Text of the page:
Monday, December 29, 2014


I have always thought of myself as a contrarian, someone who thinks “summer all winter” and “winter all summer”.

With that in mind, and given how hot our real estate market has been for the past 36 months, it's wise to begin looking for signs of change. 

Truth is, almost of the important indicators – employment, migration, inventory, demographics – are in alignment and in amazingly good shape for continued growth and appreciation.  But no cycle can last forever.  Change has to happen, eventually. 

So the real question is not if, but when, things will start to turn.   And when things turn, what will that look like?

If the market turns in 2016, then buying in 2015 may not be a wise decision.  But if the next market turns in 2018 or 2019, and prices are 20% or 30% higher than they are today, then jumping in now with rock bottom interest rates still makes a lot of sense.

Hindsight is always 20/20, and that’s the problem.  We all know today what we should have been doing yesterday.  It’s a lot harder when you peer into the future, and that’s why it’s critically important to get good help.

As many of you know, in the fall of 2004 I began to see things happening in the Southern California real estate market that were “pattern breakers”.  Specifically, I saw marginally-qualified subprime buyers (a new dynamic) entering the market at a time when inventory was trending flat (instead of dropping off, as it usually did during the fall and winter months).  The change was subtle to most, but discernible to those who were paying close attention to the numbers.   

This one-two punch of previously-excluded buyers coming into a slower moving market signaled to me that the end was near… and so within six months I sold my home, packed up and started a new phase of my life in Denver, just months before the California market imploded.

My eyes are wide open again, because what we have seen in Denver since the start of 2012 has been historic.  Specifically, we have seen appreciation of between 20% and 50% in just three years (with lower-priced homes scoring the biggest gains), while inventory has plunged to an all-time low.  The median-priced Denver home has seen $60,000 or more of gain in 36 months, a potentially scary scenario for buyers entering the market today.

Zillow reports metro Denver real estate gained $26 billion of value in 2014, after roughly $21 billion of gains in 2013.  If you own a home, the wealth effect of all this newfound equity not only allows you to sleep well at night, it’s starting to finance a lot of new stuff, like cars, boats and European vacations… just as it did in California back in 2005.  

Meantime, rents are also soaring, which is interesting because the rental market usually flattens out when the housing market gets hot (as people transition from renters to owners).  This time, rents and prices appear to be moving in tandem, which is in large part due to the fact we had virtually no new construction between 2008 and 2013 and our statewide population growth has been so strong over the past few years, with a surge in educated and immediately-employable Millennials leading the way.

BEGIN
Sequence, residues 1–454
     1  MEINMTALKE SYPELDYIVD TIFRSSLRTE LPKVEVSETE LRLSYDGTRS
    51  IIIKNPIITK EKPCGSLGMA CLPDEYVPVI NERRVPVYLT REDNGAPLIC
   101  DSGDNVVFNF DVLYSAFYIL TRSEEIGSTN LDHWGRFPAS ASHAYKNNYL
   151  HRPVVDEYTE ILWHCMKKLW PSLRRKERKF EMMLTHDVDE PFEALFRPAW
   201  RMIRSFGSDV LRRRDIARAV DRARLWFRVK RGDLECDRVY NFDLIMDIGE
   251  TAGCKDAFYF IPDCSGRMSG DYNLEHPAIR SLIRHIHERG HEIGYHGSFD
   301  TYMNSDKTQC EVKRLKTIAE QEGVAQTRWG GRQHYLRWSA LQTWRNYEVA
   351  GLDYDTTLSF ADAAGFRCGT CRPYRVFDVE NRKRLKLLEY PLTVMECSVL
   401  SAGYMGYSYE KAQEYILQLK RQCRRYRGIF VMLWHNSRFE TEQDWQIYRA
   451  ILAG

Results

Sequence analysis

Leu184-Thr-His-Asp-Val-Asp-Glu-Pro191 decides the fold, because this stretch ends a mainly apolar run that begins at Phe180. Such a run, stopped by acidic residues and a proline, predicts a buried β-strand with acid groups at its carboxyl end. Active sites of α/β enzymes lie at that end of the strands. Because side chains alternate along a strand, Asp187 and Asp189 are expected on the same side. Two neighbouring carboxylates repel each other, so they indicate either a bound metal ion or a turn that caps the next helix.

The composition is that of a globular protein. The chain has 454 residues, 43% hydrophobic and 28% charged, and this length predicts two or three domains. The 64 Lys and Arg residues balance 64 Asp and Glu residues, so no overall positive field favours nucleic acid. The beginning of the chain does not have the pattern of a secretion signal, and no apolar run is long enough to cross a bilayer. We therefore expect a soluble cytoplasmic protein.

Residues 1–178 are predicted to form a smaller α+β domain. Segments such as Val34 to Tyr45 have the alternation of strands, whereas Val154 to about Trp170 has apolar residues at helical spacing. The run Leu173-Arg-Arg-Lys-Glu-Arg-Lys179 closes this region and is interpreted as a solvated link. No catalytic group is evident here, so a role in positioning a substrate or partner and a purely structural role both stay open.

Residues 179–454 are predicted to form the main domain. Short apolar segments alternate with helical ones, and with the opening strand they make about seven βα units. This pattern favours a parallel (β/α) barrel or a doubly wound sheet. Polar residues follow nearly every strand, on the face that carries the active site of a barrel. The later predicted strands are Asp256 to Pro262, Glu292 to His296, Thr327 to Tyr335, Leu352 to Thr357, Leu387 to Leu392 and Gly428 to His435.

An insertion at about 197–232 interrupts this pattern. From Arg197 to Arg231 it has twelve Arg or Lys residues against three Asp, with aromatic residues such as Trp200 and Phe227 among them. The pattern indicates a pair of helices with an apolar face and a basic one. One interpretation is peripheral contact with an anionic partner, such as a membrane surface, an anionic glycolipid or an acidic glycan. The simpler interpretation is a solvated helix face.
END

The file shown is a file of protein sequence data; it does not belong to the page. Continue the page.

So what signs will I be watching for that might signal change in the months to come? 

When you cut through all of it, I believe there are two key numbers to watch:  inventory and unemployment.

Let’s start with inventory… as of today, there are 5,600 homes for sale in the Denver metro area.  That’s down from 18,000 homes in 2011, 23,000 in 2010 and more than 31,000 homes for sale in 2007.  In fact, the December inventory has reached an all-time low for the Denver MLS, which dates to 1985, when the population was less than half of what it is today. 

Remember that I study numbers, and have done so for 20 years.  What’s going on right now is so breathtaking there are hardly words to describe it.  For comparative purposes, in a “normal” market (60 to 90 days to sell a well-priced home, 3% to 4% annual appreciation) you would typically have about twice as many homes for sale as you have under contract at any point in time.

With 6,458 homes currently under contract in the Denver MLS, you would need approximately 13,000 homes for sale to hit market equilibrium.  That means that even if the current inventory doubled, with no increase in the number of contracts, you would still have a seller’s market! 

So the first number to watch is inventory, although we are so inventory-starved there appears to be no problem heading into the new year.

The second number to watch is the unemployment rate.  In virtually every housing recovery, housing growth and job growth have gone hand in hand, with job growth leading the way.  Today, the unemployment rate in Denver is a ridiculous 3.6%, and in Colorado it’s just 4.1%.

Anything below 5.0% is a strong job market, with wage growth a near certainty.  The government considers an unemployment rate of 6.0% to be full employment.  California, by contrast (an overpriced housing market once again falling into stagnation), is struggling under the weight of a 7.3% unemployment rate, with many of those unable to find jobs now leaving for stronger employment markets like Denver.

I also believe you should be watching for changes in underwriting guidelines, as the credit-integrity of today's buyers provides the foundation for tomorrow's market.

There are many other factors that can influence a housing market (interest rates, vacancy rates, fuel prices, etc.) but I believe the two numbers that best encapsulate what’s going on with all of the others are inventory and employment.

Watch them, because where they go, the housing market is sure to follow.